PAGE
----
Choosing a Military Divorce Lawyer
Choosing a military divorce lawyer will help you get the best possible results for your case. There are different things that you need to take into account, such as waiting periods, retirement benefits, and property division. These are all things that you need to be aware of before you start your divorce.
Dividing property after military divorce can be a tricky proposition. In some states, there are limitations on how much a judge can divide. In others, there is no limit on how much a judge can award to a former spouse. There are many factors to consider, and the courts have a great deal of discretion when dividing marital property.
Most states have adopted the “equitable distribution” rule, which means that property that was acquired during a marriage will be split 50/50. However, this does not mean that the former spouse receives an equal share. In fact, the former spouse may ask for less than half of the retirement, and the court may order it.
There are also special considerations for dividing military pensions. For example, if the former spouse did not contribute to the pension, the pension may be considered separate property.
Several states have taken the equitable distribution concept to a new level, and require the former spouse to be awarded a share of the retirement as part of the division of property. The court can award the former spouse a larger share of the pension if the marriage was longer than 10 years.
Some states, such as California, have a clear cut definition of marital property. These states require the court to divide the marital property evenly, and to award the former spouse a share of the retirement.
Colorado has a law that presumes that property acquired during a marriage is marital property. This property can include retirement pay, pension earnings, and Thrift Savings Plan (TSP) contributions.
The Uniformed Services Former Spouse Protection Act (USFSPA) provides states with authority to divide military retirement pay as property after a divorce. However, this federal act does not automatically grant the former spouse a share of the pension.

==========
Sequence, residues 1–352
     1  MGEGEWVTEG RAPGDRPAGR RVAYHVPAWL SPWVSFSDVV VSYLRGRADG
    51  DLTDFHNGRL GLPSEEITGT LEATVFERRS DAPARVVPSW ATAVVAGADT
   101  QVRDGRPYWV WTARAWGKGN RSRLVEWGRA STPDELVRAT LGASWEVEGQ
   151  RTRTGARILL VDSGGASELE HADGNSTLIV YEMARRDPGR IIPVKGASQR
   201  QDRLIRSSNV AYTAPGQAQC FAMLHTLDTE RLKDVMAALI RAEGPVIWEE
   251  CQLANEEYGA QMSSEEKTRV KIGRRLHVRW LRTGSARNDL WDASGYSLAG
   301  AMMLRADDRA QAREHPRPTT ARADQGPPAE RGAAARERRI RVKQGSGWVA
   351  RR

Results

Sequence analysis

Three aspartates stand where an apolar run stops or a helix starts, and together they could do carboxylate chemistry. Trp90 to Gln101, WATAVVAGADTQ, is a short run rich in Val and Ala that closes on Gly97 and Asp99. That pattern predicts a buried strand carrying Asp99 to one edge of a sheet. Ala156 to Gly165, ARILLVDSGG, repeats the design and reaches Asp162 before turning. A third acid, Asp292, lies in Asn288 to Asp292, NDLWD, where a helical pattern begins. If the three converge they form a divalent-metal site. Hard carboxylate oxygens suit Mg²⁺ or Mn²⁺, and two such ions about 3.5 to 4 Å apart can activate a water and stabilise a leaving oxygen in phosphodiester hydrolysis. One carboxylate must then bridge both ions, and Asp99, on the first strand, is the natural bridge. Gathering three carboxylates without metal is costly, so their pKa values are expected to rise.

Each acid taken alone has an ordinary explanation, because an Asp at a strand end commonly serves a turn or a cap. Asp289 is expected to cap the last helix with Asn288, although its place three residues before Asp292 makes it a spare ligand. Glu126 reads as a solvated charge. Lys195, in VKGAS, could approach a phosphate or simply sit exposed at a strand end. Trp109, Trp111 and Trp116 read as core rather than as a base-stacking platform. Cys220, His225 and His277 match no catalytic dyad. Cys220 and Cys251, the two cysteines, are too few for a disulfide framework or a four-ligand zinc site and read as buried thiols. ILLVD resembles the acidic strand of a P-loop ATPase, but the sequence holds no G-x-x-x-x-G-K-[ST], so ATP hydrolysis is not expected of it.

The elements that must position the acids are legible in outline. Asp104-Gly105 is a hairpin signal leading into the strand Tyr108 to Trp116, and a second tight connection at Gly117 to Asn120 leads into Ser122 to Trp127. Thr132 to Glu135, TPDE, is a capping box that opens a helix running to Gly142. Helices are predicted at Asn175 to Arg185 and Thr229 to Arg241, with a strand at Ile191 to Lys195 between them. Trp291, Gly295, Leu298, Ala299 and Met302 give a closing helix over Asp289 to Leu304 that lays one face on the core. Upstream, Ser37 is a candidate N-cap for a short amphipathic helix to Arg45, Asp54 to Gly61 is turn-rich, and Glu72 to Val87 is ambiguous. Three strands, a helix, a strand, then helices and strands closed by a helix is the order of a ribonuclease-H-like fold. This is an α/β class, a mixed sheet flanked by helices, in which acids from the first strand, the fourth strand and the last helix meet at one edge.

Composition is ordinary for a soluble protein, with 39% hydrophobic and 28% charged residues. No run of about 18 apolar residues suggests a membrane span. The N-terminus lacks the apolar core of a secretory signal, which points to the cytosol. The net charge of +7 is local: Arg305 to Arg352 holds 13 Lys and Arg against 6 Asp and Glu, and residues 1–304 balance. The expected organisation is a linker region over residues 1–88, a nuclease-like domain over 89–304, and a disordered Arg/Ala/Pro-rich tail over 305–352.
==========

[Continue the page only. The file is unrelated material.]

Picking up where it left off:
Whether you are a military spouse, or the military spouse of another, you may need to figure out how to divide your retirement benefits in a divorce. A military divorce lawyer can help you with this. This is a complex subject, so you should consult an attorney who knows the ins and outs of military retirement law.
There are two types of retirement benefits that are divisible in a divorce. The first is disposable retired pay. This type of pay is made up of disability pay and gross retired pay. The latter is the longevity pension.
When a service member retires, he sends a monthly payment to his spouse. In a divorce, the former spouse is entitled to a portion of the disposable retired pay. This may mean a difference of several hundred thousand dollars.
The Thrift Savings Plan is another retirement asset that is divisible in a divorce. This is similar to an employer sponsored 401(k) plan. The former spouse is able to roll over a share of the retired pay into a qualifying account.
Retirement benefits are often overlooked in a divorce, but they are a big asset. The amount of retirement assets you lose will depend on the length of your marriage and the circumstances of your ex-spouse. If you have an attorney who is knowledgeable about military retirement law, you will be able to minimize the loss of your retirement assets.
Depending on state law, a divorce lawyer can assist you with dividing your military retirement benefits. A military divorce lawyer may also be able to save you time and money in the settlement process. A knowledgeable lawyer will be able to draft the proper documents and protect your interests.
Visitation and custody arrangements
Whether you are planning a divorce or preparing for a deployment, military parents face a unique set of challenges. These challenges may require modification of child visitation and custody arrangements. The process is often a complex one, but military divorce lawyers can help you navigate challenging situations.
Military families need to provide financial and medical stability for their children. They may need to relocate or deploy for long periods of time. A family care plan may help them with this. It should include a list of custody and visitation arrangements.
If a service member has sole physical custody, he or she may need to request a change of duty station. He or she may also be able to ask the court to grant increased visitation before and after deployment.